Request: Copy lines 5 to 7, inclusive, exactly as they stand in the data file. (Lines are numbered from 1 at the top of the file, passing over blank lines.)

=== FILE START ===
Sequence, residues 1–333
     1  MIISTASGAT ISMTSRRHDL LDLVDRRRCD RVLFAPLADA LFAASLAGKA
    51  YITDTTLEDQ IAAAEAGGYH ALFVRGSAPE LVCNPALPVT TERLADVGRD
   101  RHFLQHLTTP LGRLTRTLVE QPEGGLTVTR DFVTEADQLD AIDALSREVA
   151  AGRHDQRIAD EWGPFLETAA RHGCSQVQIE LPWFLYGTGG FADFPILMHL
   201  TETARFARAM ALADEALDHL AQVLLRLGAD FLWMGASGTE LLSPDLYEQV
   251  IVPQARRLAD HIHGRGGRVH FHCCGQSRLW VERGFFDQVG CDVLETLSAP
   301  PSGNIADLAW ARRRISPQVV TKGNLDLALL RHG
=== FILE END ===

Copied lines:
   151  AGRHDQRIAD EWGPFLETAA RHGCSQVQIE LPWFLYGTGG FADFPILMHL
   201  TETARFARAM ALADEALDHL AQVLLRLGAD FLWMGASGTE LLSPDLYEQV
   251  IVPQARRLAD HIHGRGGRVH FHCCGQSRLW VERGFFDQVG CDVLETLSAP